Optimism at AU Summit for youth development in Africa
THE history of all developed economies and even the emerging ones have been their abilities to harness human resource into capital and use its diverse multiplier effects to create value chains spanning all other resources categories. In addition, this process unleashes outcomes that include a rise in national economic aggregates and more importantly, improved quality of living standards for citizens. It is because of the foundational implications of human resources that many developed and emerging economies invest in strategic sectors such as education and health and other key initiatives of capacity building. Even for nations with less natural resource endowment, the massive investment in human resource development and capacity building fills the deficit gap between the two, enabling development and growth.
Africa’s greatest challenge is to harness its abundant human resources and translate them into capital for transforming economies and societies for the benefit of all. Africa’s huge natural resource endowment has not been translated into appreciable aggregates to spur sustainable and inclusive development, largely because of a deficit of the requisite manpower to explore and harness it to the needs and priorities of respective national goals.
It is against this background that the core theme of this year’s 29th Ordinary Session of the Assembly of African Union (AU), Harnessing the Demographic Dividend Through Investment in Youth, is both instructive and epochal.
This is so, because youths in Africa have featured prominently in the past as cannon fodder used as violent thugs and touts to settle political scores among political parties in contention for power.
This enduring abuse of youthful energy and strength has taken its toll, over the years in the critical deficit of manpower in the construction of contemporary African economies. The realization of the dynamism and resourcefulness of youth may have come against the background of a falling profile of natural resources as a key catalyst for growing economies of the respective states in Africa. The recognition of the centrality of the youth and the description of it as potential demographic dividend, worth investing and harnessing, speaks volumes of the rethink in strategic corners of influence and power in Africa.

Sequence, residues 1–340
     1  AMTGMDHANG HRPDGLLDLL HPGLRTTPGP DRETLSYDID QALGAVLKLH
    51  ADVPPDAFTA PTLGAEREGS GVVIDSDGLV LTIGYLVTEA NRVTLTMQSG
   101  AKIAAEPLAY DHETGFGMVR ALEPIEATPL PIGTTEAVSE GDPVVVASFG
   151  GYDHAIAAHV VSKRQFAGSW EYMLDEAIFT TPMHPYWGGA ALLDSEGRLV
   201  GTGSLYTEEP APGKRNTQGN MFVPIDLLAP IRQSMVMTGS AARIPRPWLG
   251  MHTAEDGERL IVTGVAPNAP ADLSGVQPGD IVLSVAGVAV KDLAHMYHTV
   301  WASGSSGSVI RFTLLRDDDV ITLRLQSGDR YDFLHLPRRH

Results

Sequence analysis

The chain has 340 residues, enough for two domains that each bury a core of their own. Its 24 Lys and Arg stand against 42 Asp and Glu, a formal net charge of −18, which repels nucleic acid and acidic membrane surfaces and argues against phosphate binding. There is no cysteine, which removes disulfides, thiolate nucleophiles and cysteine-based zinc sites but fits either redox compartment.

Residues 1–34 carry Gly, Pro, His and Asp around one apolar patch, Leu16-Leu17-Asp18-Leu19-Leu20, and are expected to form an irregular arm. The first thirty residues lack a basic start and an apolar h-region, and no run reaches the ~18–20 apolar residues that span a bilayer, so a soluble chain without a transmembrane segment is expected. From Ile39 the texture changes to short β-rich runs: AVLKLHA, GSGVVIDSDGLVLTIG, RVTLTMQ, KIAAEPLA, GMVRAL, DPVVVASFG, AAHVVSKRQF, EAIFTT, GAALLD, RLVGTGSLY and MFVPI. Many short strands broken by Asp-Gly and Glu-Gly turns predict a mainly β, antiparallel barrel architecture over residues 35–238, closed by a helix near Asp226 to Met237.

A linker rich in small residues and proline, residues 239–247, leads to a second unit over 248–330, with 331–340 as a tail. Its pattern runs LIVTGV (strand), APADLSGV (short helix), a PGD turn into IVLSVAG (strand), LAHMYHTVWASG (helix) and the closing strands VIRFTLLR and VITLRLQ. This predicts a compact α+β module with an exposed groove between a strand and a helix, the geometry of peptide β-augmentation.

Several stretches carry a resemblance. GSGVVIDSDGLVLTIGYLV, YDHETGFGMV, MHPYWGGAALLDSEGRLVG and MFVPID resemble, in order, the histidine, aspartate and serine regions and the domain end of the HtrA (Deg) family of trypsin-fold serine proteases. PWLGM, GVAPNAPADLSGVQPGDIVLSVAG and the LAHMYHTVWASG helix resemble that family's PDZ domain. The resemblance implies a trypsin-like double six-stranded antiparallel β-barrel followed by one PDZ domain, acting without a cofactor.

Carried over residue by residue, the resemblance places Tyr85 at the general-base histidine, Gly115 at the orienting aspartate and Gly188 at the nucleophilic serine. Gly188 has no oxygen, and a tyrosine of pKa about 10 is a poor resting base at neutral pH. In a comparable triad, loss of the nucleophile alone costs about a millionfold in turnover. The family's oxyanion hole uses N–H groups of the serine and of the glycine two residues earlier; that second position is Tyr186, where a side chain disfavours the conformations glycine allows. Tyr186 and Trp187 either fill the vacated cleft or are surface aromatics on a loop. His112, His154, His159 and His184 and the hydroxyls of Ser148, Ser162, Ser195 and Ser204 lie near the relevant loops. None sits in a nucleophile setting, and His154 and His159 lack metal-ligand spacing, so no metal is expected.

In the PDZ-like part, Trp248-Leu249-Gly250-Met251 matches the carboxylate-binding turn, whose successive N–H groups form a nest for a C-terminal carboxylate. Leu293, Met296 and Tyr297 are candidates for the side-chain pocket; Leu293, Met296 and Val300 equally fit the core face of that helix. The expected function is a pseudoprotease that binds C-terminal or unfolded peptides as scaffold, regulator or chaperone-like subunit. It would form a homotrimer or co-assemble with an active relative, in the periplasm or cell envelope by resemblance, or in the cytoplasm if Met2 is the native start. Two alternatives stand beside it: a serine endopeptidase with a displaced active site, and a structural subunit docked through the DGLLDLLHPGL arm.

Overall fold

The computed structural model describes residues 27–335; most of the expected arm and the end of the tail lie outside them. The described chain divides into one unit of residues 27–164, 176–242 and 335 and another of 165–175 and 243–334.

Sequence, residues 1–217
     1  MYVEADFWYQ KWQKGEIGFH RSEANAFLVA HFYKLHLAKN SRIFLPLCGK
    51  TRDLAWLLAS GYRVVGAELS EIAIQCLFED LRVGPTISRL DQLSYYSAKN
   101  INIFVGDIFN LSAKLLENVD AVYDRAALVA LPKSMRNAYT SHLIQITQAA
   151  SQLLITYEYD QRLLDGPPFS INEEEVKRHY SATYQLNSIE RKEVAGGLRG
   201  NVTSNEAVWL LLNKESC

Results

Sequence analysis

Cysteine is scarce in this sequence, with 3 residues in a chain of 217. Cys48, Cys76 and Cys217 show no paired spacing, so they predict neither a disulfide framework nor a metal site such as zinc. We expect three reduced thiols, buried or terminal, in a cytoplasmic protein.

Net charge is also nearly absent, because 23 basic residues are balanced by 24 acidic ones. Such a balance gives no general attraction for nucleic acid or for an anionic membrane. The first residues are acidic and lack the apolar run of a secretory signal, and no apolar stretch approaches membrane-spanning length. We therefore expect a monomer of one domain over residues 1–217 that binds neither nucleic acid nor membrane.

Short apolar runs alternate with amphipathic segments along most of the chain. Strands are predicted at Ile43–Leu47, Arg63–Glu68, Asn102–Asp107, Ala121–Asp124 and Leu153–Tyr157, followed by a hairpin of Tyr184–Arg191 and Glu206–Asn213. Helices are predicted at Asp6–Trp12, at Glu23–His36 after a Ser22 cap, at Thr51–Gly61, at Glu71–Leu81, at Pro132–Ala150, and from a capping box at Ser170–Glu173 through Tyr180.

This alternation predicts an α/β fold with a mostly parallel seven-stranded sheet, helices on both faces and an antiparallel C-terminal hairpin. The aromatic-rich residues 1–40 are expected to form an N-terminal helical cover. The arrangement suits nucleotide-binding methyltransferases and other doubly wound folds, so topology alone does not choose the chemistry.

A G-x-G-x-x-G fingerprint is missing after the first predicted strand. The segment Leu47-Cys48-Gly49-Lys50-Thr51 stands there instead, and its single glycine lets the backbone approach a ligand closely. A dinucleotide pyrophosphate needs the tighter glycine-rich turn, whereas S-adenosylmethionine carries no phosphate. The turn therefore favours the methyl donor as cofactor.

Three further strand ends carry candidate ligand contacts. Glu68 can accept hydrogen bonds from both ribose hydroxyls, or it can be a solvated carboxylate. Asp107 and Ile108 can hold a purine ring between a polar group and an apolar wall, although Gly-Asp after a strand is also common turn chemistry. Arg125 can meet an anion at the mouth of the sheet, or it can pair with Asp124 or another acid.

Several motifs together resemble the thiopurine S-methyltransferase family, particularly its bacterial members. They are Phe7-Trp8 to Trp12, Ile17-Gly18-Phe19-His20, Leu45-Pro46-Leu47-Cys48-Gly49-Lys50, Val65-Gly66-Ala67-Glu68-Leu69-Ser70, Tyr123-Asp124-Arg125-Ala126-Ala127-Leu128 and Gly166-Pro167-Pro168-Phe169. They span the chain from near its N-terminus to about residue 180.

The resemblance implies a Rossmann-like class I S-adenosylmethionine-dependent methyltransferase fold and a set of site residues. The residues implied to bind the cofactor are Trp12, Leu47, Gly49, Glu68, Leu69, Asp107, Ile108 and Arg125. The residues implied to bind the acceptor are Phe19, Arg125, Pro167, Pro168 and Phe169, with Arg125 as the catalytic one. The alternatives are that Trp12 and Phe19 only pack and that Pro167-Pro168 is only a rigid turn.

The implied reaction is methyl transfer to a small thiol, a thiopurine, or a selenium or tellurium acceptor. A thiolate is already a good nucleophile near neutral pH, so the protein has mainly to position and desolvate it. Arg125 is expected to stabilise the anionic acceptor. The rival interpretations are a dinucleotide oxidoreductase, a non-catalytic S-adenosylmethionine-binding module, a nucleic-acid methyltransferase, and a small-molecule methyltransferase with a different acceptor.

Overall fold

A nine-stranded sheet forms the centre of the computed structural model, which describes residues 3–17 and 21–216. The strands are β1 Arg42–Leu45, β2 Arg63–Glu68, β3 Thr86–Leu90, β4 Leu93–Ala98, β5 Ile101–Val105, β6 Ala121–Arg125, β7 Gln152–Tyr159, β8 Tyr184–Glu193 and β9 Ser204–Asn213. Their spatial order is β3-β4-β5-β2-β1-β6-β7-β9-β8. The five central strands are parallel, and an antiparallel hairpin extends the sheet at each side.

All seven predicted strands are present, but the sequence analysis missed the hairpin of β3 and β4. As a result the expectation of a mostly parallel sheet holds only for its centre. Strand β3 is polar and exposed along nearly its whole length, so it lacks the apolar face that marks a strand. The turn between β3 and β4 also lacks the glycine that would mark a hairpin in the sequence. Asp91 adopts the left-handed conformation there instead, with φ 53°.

It is worth welcoming. The embarrassing scenarios in recent times where African youths are drowning in droves in the Mediterranean Sea, while struggling to cross over to Europe for a better life that exists only in their imagination, would have set off alarm bells in several African capitals and also, at the AU headquarters in Addis Ababa. The commitment to harness the demographic dividend and invest in the youth is historically late.
But it is also a welcome relief in recognizing Africa’s precious asset, whose transformational prospects were first seen in the phenomenal energy with which the African youths drove the anti-colonial struggles in the early and middle of the last century. However, the report to the AU’S 29th Ordinary Session by Chadian President Idriss Deby Itno on the lead agenda of the summit, which also discussed migration and employment, put the subject of investments in the youth high on the agenda, which it actually deserves.
In conclusion and the way forward, the 43-page report on the subject presented at the session stated that “harnessing the demographic dividend in Africa presents a strategic opportunity to realize the aspirations and goals of Agenda 2063.” It also affirms that “Africa has been committed to transforming its large youth population into a development asset.”
Commending the theme of the summit, the report states that “building on previous decisions of the African Union Assembly on youth empowerment, the 2017 theme of Harnessing the Demographic Dividend Through Investment in Youth has the potential to have far-reaching implications that would address all the key issues that governments have had to contend with,